• Also investigate Earobics
  • See the ‘Earobics’ Appendix on exercises in When Listening Comes Alive by Paul Medaule.
  • Books on AIT by Annabel Stahli: The Sound of a Miracle, Dancing in the Rain, Hearing Equals Behavior.
  • OT (occupational therapy) for hyper-perceptual problems is recommended. (too much sensory sensitivity).
  • For evaluation of light sensitivity, and/or Scototopic Sensitivity Syndrome (SSS) see Also look at Blublocker Sunglasses or 702-798-9000.

Interactive Metronome:

  • See (telephone: (877) 994-6776 extension 227) or Janet Meacham Rios, OTR/L in San Jose, CA at (408)806-4596.
  • Similar to Interactive Metronome are the children’s games, Donkey Konga 1 and 2. (Here the metronome is put to music, and you try to synchronize. The device gives you different types of feedback tones, if you hit the drums, with exact timing or too early or too late, it gives you feedback sounds, to correct performance and timing). It has about 30-40 songs in version 1 and 2. One has to buy special drums, (available at Toys R Us).
  • Also consider the Dance, Dance Revolution Game for the Sony Playstation II or the Xbox platforms or the Nintendo, Mario Dance Craze Revolution. You might need an extra pad (for doing it together). These have been shown to produce functional improvement in many areas, as well as improving cerebral blood flow.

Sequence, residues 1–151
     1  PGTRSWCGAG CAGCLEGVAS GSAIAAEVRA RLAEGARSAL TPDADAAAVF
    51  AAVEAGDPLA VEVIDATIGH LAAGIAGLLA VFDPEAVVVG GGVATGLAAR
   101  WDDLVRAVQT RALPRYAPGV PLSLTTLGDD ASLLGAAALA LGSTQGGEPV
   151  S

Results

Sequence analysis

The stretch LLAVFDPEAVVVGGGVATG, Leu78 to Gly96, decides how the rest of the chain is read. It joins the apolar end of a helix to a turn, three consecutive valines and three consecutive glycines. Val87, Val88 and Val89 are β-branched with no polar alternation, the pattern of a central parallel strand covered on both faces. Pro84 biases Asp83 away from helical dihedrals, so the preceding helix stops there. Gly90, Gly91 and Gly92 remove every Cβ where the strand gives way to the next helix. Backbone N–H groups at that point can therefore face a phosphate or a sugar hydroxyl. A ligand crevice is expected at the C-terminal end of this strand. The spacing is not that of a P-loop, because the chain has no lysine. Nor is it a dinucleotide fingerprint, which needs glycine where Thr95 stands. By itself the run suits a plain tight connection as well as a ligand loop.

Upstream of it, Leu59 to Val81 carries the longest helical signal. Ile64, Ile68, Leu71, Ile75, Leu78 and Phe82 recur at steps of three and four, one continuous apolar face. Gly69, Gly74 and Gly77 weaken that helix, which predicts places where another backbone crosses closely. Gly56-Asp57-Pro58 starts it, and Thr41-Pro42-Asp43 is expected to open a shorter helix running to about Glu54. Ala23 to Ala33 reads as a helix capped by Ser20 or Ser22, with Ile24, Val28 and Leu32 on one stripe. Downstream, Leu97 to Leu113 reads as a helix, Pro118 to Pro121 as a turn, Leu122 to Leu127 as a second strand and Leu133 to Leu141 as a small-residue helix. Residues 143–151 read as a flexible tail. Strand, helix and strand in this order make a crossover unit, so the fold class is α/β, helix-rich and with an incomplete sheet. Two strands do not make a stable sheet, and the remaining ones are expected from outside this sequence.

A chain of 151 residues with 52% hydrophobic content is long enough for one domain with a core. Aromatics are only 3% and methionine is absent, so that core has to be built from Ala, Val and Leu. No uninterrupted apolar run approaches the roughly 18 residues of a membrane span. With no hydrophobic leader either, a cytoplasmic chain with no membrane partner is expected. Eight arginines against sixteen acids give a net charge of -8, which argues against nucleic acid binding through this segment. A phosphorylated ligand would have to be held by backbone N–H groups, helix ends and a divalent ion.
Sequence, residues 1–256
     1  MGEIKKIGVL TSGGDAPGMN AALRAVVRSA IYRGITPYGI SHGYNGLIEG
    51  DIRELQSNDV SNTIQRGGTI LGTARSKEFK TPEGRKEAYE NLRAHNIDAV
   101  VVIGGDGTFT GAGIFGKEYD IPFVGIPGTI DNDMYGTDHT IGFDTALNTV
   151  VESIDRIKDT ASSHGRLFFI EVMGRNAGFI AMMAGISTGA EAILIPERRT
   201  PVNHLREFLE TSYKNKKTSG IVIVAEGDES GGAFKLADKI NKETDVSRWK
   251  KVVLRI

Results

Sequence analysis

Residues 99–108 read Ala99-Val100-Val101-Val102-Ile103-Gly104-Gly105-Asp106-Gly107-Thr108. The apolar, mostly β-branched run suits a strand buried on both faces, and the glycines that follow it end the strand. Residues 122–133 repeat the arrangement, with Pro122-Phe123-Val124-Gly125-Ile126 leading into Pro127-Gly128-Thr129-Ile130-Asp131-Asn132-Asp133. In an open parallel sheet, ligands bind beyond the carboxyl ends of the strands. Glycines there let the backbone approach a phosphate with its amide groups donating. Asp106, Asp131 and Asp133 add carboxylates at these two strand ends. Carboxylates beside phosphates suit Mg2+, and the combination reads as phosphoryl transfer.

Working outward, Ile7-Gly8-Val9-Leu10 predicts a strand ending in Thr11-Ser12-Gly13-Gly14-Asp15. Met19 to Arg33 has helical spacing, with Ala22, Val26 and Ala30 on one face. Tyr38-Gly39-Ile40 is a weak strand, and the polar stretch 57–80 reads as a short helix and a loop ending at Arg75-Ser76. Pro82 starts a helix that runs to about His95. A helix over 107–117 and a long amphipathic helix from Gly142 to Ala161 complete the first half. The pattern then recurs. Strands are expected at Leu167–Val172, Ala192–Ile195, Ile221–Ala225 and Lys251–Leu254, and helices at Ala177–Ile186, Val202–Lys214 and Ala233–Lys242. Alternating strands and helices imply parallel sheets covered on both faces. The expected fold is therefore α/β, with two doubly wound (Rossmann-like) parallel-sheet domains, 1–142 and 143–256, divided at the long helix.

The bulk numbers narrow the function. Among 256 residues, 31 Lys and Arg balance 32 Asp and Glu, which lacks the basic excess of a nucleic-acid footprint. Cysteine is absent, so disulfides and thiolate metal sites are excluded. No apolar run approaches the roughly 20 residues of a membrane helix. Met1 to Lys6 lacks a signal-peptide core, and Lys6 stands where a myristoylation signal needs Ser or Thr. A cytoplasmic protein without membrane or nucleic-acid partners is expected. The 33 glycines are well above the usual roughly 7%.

DAN! Doctors:

  • Lynn Mielke MD (925) 846-6300 in Pleasanton (peds);
  • Miriam Jang MD (415) 457-3193;
  • Andrew Chang MD immunologist in Roseville, and a DAN! Doctor.
  • Dr. Alan Kadish, N.D., N.M.D. ABAAM (541) 773-3191; Medford, OR;

Most of these books are available on AmazonBarnes and Nobleor at The Special Needs Project websites or call the Special Needs Project at (800) 333-6867.

Insistence on Sameness:

Certain individuals, often but not necessarily those who have Autism, are easily overwhelmed by minimal change, are highly sensitive to environmental stressors, and sometimes engage in rituals. They are anxious and tend to worry obsessively when they do not know what to expect; stress, fatigue, and sensory overload easily throw them off balance.

Programming Suggestions:

The following suggestions pertain mainly to children with Asperger’s Syndrome, but for adolescents and adults with or without Asperger’s, one could apply these suggestions to other situations, e.g. work instead of school, and to employers or immediate supervisors rather than parents or teachers.

  • Provide a predictable and safe environment;
  • Minimize transitions;
  • Offer consistent daily routine: These people must understand each day’s routine and know what to expect in order to be able to concentrate on the task at hand;
  • Avoid surprises: For example with children, prepare the child thoroughly in advance for special activities, altered schedules, or any other change in routine, regardless of how minimal;
  • Allay fears of the unknown by exposing the child to the new activity, teacher, class, school, camp, and so forth beforehand, and as soon as possible after he is informed of the change, to prevent obsessive worrying. (For instance, when the child with Autism must change schools, he should meet the new teacher, tour the new school, and be apprised of his routine in advance of actual attendance. School assignments from the old school might be provided the first few days so that the routine is familiar to the child in the new environment. The receiving teacher might find out the child’s special areas of interest and have related books or activities available on the child’s first day).